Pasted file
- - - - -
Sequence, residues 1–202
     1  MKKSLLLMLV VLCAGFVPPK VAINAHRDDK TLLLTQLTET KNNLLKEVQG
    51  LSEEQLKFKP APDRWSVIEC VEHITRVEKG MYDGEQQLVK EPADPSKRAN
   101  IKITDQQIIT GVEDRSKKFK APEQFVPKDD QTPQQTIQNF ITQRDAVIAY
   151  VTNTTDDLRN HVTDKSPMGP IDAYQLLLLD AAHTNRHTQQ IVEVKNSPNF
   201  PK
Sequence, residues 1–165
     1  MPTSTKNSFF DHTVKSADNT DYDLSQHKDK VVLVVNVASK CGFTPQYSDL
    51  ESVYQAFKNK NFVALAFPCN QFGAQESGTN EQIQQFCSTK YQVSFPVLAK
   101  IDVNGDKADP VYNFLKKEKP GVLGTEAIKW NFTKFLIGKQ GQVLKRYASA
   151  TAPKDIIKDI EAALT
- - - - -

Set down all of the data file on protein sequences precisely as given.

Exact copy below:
Sequence, residues 1–202
     1  MKKSLLLMLV VLCAGFVPPK VAINAHRDDK TLLLTQLTET KNNLLKEVQG
    51  LSEEQLKFKP APDRWSVIEC VEHITRVEKG MYDGEQQLVK EPADPSKRAN
   101  IKITDQQIIT GVEDRSKKFK APEQFVPKDD QTPQQTIQNF ITQRDAVIAY
   151  VTNTTDDLRN HVTDKSPMGP IDAYQLLLLD AAHTNRHTQQ IVEVKNSPNF
   201  PK
Sequence, residues 1–165
     1  MPTSTKNSFF DHTVKSADNT DYDLSQHKDK VVLVVNVASK CGFTPQYSDL
    51  ESVYQAFKNK NFVALAFPCN QFGAQESGTN EQIQQFCSTK YQVSFPVLAK
   101  IDVNGDKADP VYNFLKKEKP GVLGTEAIKW NFTKFLIGKQ GQVLKRYASA
   151  TAPKDIIKDI EAALT